While online education has seen its fair share of growth and popularity in recent years, several misconceptions about online education still exist. Raymond McNulty looks to address some of the most common myths and offer truths in an effort to dispel misinformation surrounding online education.
MYTH: Online degrees are not accepted in the workforce as valid or as good as degrees earned at traditional campuses.
McNulty suggested students do their research on prospective employers to make sure they understand what is required for their desired career field.
“If students are going to pursue a business degree, they should call some of the businesses in the area and see what they think about online degrees,” he said. “Students should ask employers how familiar they are with online degrees and if they accept them.”
McNulty also said it would be wise for a student to see if the school is “ACE-recommended,”— meaning it’s a member of the American Council on Education (ACE), a higher education association.
MYTH: Quality of education suffers because of limited to no interaction with classmates and/or instructors.
McNulty said people tend to think learning has to be confined to a classroom, but stressed that some students have different learning styles – which may include standing or listening to music during a lecture.
“Online learning may not be for everybody, but for some people it’s the best way to engage,” he said. “Online interaction with classmates neutralizes some of the things—clothes you wear and how you look—so that it’s just the content students are dealing with.”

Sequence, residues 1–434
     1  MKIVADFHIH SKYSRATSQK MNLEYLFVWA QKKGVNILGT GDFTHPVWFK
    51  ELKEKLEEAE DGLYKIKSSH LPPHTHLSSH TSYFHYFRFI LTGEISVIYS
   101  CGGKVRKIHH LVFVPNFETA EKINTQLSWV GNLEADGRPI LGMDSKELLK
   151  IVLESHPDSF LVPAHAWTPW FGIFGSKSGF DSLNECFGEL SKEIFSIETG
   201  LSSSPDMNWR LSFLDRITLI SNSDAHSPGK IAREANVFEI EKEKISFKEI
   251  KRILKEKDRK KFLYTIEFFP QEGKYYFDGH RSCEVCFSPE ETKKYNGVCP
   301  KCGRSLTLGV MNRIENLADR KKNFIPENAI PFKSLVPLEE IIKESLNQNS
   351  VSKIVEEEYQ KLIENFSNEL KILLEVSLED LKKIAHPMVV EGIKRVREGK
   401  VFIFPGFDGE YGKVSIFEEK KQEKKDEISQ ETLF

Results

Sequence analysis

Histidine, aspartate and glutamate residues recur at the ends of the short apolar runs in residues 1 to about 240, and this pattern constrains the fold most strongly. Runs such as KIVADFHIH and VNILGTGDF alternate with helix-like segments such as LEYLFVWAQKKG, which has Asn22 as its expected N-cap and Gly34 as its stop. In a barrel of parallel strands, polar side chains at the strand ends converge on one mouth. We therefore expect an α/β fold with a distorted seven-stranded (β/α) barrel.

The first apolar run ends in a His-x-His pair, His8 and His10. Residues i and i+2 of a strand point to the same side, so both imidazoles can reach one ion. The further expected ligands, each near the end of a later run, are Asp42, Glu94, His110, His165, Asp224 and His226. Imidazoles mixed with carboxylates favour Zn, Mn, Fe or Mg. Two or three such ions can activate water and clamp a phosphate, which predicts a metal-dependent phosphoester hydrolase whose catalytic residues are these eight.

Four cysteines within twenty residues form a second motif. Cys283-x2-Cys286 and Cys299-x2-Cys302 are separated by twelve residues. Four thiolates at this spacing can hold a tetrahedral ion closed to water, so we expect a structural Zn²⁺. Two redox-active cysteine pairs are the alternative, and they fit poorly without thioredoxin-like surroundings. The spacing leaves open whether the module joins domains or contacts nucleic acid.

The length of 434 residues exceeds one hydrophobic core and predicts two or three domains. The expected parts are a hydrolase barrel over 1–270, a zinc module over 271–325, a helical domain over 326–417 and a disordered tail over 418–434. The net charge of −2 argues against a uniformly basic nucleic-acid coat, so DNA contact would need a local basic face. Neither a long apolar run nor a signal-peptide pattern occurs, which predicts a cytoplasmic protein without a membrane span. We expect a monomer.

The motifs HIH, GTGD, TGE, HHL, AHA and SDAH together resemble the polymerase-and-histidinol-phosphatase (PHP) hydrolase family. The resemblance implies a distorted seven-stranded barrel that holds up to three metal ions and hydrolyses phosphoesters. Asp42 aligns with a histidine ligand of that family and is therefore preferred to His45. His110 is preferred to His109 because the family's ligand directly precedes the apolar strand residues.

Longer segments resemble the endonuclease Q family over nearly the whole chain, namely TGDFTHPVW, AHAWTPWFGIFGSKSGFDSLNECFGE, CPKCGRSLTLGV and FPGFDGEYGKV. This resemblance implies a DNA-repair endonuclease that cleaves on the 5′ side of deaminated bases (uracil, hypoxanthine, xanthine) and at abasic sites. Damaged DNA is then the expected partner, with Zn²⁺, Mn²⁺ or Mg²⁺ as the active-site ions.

McNulty said online content is generally is a mixture of components, including webinars, lecture capture, and discussion boards.
“One key thing about online delivery is you can replay a lecture 50 times if you need to; whereas, in a classroom when you sit down, you get that lecture one time,” he said.
MTYH: Online classes are easier.
Whether online or on-campus, the content of a class is the same, McNulty said.
“One of the bigger challenges of online education is that there’s nobody standing over you. You have to manage your time better and be a better planner,” he said. “There is an intense responsibility placed on students in an online environment and they have to be more disciplined.”
McNulty said it may appear that an online class is easier because of more built-in resources to anticipate challenges students may have.
MYTH: Online students suffer from a lack of experience and resources.
Citing online study groups, access to libraries online, advising, one-on-one tutorials, live chats, and email support, McNulty stressed all of the resources and support services available to online students.
“There is so much opportunity in the online environment,” he said. “For example, at Penn Foster, we put significant effort into self-help resources.”
MYTH: Most online schools are scams and have no credible background or history.
McNulty said while there are some schools set out to take people’s money and “aren’t worth anything,” online education is a growing market and buyers should beware and do their homework.
“Look at the school’s website to see if it’s accredited, and then go to the accrediting agency’s site to make sure that school is listed,” he said. That’s how students make sure they get what they pay for. Students should also research the school’s history, where it’s based, if it’s growing, if it has a board of directors, and what’s the overall scope of the school.”
McNulty said the integrity of a school is important.
“If students want to take advantage of a great way to become a 21st century learner, accreditation matters.”